In the preceding paper, general expressions are derived for an hypothetical initial equilibrium between multivalent antigen and multivalent antibody, which form the basis for a
General theory of precipitation, which postulates a minimal disturbance of the initial equilibrium during aggregation, and a
Restricted theory, which specifies the direction of disturbances of the initial equilibrium if antigen and antibody are indeed multivalent.
For the special case of lattice-formation, the restricted theory is developed in a preliminary way to permit quantitative description of the composition of precipitates, and more fully to deal with flocculation-times and the meaning of optimal proportions.
The restricted theory leads to the concept of selective precipitation,which is probably adequate to explain the small volume effect observed in precipitating systems, and the different effects of excess of either reagent.
The relation of structure .to the properties of lattices are considered in connection with the solubility of precipitates and the problem of reversibility of biologic effects of antigen-antibody reactions.
Experimental methods are suggested for the measurement of the parameters of lattice-systems, which are three: the maximal valence of antigen, the maximal valence of antibody, and the dissociation-constant of the unit-valence. These, together with concentration-factors, completely define an ideal lattice-system.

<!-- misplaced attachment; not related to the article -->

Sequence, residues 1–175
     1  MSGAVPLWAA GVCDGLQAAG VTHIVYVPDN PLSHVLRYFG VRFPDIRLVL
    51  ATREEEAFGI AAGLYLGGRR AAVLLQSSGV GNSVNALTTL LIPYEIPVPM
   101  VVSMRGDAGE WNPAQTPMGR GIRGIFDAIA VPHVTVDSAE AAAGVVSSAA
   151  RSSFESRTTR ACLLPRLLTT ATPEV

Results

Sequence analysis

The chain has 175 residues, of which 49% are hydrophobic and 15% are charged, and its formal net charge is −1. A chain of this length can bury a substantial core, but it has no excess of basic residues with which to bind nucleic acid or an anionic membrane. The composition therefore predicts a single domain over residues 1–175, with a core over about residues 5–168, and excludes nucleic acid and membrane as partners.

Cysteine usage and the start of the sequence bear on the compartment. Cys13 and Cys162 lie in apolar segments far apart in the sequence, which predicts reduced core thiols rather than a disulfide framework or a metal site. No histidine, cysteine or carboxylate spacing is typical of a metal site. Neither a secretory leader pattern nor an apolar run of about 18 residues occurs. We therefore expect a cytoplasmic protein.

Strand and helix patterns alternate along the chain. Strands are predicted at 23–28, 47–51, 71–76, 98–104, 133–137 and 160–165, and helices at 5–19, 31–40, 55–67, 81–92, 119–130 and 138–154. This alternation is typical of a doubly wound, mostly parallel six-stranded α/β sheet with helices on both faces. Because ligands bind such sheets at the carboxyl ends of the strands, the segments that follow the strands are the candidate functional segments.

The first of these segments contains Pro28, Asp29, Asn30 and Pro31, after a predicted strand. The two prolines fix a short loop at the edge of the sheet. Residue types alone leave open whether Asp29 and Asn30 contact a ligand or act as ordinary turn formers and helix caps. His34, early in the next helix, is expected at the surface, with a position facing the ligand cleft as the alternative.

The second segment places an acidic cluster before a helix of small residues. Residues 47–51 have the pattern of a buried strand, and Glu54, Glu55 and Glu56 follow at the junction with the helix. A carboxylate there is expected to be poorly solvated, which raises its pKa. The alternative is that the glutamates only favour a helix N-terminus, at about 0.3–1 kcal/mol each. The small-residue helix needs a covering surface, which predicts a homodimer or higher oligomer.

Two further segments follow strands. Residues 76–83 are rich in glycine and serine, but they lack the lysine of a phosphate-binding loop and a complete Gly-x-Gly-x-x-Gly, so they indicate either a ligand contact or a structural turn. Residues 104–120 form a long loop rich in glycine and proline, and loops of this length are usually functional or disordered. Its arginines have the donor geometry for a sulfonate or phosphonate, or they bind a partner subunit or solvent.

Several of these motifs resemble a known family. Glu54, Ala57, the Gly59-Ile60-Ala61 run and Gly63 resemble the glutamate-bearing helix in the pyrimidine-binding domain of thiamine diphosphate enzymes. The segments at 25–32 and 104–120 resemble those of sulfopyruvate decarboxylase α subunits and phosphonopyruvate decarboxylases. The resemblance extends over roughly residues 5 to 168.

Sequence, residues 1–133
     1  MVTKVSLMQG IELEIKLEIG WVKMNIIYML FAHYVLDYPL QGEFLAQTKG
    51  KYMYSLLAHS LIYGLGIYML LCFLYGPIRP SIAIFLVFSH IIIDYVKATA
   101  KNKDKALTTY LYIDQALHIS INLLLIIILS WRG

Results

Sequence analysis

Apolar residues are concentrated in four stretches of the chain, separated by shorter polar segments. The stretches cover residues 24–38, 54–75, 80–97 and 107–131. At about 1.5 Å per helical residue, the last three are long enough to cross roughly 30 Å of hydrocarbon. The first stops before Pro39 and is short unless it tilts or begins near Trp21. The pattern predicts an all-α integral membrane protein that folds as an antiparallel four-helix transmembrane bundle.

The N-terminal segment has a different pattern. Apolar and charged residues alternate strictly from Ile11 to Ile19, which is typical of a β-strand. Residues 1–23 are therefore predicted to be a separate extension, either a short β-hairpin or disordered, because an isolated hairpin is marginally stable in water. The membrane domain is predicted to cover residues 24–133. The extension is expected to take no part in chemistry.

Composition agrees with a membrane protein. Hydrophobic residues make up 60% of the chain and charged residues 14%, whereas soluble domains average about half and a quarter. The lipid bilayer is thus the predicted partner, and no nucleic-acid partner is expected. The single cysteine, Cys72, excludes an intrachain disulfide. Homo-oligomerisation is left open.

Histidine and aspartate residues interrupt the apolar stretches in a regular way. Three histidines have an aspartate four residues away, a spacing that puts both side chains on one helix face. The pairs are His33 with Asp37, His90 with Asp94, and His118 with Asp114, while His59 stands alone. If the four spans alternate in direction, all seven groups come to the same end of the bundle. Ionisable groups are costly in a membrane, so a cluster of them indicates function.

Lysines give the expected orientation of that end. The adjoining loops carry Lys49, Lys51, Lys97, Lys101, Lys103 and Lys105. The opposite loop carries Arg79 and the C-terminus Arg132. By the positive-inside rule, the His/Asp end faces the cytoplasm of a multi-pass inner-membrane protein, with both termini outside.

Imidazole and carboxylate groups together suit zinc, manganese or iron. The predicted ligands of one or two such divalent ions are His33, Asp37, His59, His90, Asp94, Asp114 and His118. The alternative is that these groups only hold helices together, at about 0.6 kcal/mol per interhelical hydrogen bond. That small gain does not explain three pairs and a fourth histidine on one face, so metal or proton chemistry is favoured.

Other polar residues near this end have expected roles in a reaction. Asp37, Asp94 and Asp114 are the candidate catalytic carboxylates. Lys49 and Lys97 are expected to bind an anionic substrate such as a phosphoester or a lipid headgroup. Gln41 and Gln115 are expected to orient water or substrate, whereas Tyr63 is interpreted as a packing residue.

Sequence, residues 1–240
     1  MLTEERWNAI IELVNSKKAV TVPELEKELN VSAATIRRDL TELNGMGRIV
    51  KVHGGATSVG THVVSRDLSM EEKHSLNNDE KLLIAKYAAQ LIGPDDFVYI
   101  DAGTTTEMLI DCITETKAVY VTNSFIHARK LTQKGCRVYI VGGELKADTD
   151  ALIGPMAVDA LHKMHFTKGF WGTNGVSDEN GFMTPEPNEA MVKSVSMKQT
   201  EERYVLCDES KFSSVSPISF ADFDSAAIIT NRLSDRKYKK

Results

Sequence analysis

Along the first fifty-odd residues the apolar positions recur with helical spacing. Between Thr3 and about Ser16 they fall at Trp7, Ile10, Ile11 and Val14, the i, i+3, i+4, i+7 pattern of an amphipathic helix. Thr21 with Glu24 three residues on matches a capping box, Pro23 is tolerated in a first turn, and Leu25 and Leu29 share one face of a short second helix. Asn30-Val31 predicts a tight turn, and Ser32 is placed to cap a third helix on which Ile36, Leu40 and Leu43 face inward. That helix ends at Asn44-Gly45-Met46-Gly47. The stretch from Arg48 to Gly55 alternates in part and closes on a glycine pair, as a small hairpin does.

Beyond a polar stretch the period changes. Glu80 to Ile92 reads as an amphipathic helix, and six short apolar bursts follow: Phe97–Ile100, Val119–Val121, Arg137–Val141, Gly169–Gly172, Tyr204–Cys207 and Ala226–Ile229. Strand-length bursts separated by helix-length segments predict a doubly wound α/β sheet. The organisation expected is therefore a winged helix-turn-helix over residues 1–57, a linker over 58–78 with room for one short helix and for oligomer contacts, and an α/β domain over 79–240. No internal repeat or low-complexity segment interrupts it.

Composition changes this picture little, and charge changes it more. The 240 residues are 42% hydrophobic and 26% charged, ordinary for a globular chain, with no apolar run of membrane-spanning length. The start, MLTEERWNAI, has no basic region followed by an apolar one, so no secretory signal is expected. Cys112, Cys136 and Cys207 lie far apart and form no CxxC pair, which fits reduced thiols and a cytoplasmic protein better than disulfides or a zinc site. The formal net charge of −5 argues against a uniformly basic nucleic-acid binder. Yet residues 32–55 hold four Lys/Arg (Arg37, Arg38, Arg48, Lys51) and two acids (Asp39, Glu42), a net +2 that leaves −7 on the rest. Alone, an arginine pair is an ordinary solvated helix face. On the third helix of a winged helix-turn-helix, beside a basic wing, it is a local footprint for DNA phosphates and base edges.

In the application of the theory to experimental precipitating systems additional parameters such as the homogeneity and functional symmetry of the reactants, and nonspecific associative forces, are considered. In no case do available data clearly show that these influences seriously prejudice the usefulness of the theory. It is likely, however, that such instances will be found.
It is suggested that the principal parameter defining the individuality of different immune sera to a given antigen is the dissociation-constant of the specific valence. At present there is no reason to suppose that the diverse properties of different antisera, including their specificity, in any way imply a corresponding diversity of the fundamental immune response.
The unit-valence appears to represent an area of contact of the order 10—3 cm2. The relation between the dissociationconstant of the unit-valence and the structure of the antigenic surface is discussed briefly. The dissociation-constant of the immunologic valence is believed to be strongly influenced by associated substances foreign to the specific antibody.
The evidence is overwhelmingly in favor of the hypothesis that antibody and antigen are multivalent, and that the maximal valence of antibody is small, probably two. The maximal valence of antigen is probably limited primarily by the physical surface of the molecule.
Several definitions of practical usefulness are proposed in part IIc.
The encouragement and instruction continuously offered by Dr. Bronfenbrenner have contributed decisively to the results achieved in this study.